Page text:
Existential despair is that state of being where you stop believing that you or your efforts matter, that your place is not important in the universe.
The complete solution to existential despair is to make meaning in life. we have to do this work ourselves. We have to actively invest in the idea that we matter and that our efforts matter.
You need to create your list of life purpose choices— the six or seven or eight things that you find important. Some examples may be relationships, activism, service, creativity. After you make you list, you look at it— if one avenue is not producing meaning because society is not allowing, is not providing successes there or not allowing you to pursue it, then you can look at other things on the list and go there and see if you can coax meaning into existence there.
WHAT ABOUT MANIA?
Here is a quote: “As a smart person whose brain races faster and harder than the next person’s, you can’t accomplish something like stopping your racing mind from worrying. Doesn’t mean you have a disorder, that you are a failure.”
Mania has never been intelligently talked about. At first, it was a separate mental disorder. Then it got folded into bipolar disorder in a mysterious way.
If you use your brain to solve problems and to navigate your way through the world, you’re setting it in motion. You’re saying, “Go, brain. Go.” That means your asking it to start racing. You’re asking it to start working. Human brains have certain ways of racing and those ways have names like “obsessions” and “manias”, but setting your brain in motion is entirely sensible.
It is even desirable. In fact, there should be ideas like ‘productive obsessions’,’ mediated manias’, namely that you’re going almost a little too fast, but you’re still in control.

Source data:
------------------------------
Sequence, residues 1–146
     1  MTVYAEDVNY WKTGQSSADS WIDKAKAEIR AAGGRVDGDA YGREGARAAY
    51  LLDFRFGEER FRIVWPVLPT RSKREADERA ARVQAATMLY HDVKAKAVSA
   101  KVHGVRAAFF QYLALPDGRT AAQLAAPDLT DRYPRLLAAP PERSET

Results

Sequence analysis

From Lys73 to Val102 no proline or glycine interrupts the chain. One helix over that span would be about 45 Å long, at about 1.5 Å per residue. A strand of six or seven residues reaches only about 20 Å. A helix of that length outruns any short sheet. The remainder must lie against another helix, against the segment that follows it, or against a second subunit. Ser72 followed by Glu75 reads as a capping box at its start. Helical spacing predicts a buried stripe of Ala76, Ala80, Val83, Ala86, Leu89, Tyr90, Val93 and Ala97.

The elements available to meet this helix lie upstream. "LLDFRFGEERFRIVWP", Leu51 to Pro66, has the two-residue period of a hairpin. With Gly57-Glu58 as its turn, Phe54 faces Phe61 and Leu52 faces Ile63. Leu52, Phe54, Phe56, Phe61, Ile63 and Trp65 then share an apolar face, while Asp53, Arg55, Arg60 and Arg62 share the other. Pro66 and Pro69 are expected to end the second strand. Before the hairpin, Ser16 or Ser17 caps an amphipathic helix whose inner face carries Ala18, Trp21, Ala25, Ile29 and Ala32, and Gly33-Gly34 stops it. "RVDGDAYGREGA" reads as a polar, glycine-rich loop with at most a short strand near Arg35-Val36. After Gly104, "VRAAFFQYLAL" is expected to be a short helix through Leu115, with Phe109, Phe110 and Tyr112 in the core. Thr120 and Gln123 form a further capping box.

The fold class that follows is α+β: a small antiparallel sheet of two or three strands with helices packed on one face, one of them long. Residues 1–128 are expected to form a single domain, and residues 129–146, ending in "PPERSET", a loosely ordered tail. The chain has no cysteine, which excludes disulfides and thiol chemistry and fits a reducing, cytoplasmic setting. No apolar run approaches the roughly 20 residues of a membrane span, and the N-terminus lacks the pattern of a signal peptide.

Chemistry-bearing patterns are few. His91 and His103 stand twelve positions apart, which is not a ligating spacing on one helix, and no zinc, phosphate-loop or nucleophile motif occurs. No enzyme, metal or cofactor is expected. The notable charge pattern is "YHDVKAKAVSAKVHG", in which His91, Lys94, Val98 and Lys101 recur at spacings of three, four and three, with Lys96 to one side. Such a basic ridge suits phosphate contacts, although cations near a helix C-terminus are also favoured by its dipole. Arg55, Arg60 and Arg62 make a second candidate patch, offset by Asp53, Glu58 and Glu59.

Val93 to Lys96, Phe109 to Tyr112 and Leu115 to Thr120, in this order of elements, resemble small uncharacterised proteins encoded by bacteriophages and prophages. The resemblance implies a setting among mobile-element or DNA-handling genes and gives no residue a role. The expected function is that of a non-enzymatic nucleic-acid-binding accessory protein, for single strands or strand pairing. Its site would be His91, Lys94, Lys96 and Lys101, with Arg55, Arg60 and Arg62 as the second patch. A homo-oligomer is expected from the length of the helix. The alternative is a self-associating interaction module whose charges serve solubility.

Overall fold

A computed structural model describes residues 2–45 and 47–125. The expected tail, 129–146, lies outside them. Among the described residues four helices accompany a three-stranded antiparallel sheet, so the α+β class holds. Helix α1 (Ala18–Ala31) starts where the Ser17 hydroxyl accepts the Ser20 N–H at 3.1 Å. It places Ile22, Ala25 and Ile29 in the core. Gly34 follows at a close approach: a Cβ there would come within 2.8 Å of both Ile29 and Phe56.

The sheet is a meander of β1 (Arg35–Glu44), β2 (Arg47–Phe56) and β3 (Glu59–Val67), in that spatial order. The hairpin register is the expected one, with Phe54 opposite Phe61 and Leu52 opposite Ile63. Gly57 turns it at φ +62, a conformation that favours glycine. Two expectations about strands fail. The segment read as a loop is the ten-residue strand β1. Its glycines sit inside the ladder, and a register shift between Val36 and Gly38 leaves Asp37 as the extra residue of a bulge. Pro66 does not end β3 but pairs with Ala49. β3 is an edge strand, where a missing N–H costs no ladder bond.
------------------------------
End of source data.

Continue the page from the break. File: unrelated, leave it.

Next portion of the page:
You can mediate your obsessions and manias. For example, you can have “ceremonial bridges” to mark the in and out of your racing state. You can drop in a useful thought in a deep breath. For example, you can say a useful phrase like, “On the exhale I’m completely stopping.”” I return with strength,” or some way of stopping the race. In other words, you want to inaugurate the racing in some way.
These are useful concepts for people who are intense, gifted, creative.
WHAT IS RESILIENCE?
The definition of resilience is: to not have just to do things repetitiously, but to have an ability to take one step to the side and actually see what’s going on. This is about a deepening of presence, and that allows us to see reality with more clarity.
In other words, resilience is having the ability to take a pause, to take a side step.It might just be a split second, but to have a moment to decide at that moment what you actually want to do and how you want to respond is a strength.
Dr. Eric Maisel is the author of more than 50 books. His interests include creativity, the creative life, and the profession of creativity coaching, which he founded; issues of life purpose and meaning; mental health and critical psychology (also known as critical psychiatry and anti-psychiatry); and parenting in a “mental disorder” age.
Dr. Maisel’s most recent books include Unleashing the Artist Within (Dover, 2019), Helping Parents of Diagnosed, Distressed and Different Children (Routledge, 2019), A Writer’s Paris (Dover reprint, 2019), Helping Survivors of Authoritarian Parents, Siblings and Partners (Routledge, 2018), Ten Zen Seconds (Dover reprint, 2018), 60 Innovative Cognitive Strategies for the Bright, The Sensitive and the Creative (Routledge, 2018) and The Magic of Sleep Thinking (Dover reprint, 2018). Please see our Publications section for more information on Dr. Maisel’s books.
Dr. Maisel writes the “Rethinking Mental Health” blog for Psychology Today and is a regular contributor to Mad in America, where he founded and edited its parent resources section. Among his favorite things are leading Deep Writing workshops around the world (in places like Paris, London, Rome, Dublin, Prague, New York and San Francisco), working with individual creativity coaching clients, and producing interesting and useful programs (like his Life Purpose Boot Camp Self-Paced Instructor Training).
Dr. Maisel divides his time between Walnut Creek, California, where he lives, and Belmont, California, where he babysits his grandkids a lot.
Imi Lo is a consultant and published author with extensive and international experience in mental health and psychotherapy. Her books Emotional Sensitivity and Intensity and The Gift of Intensity are available worldwide and in multiple languages. Imi has two Master’s degrees; one in Mental Health and one in Buddhist Studies. She works holistically, combining psychological insights with Eastern and Western philosophies such as Buddhism and Stoicism.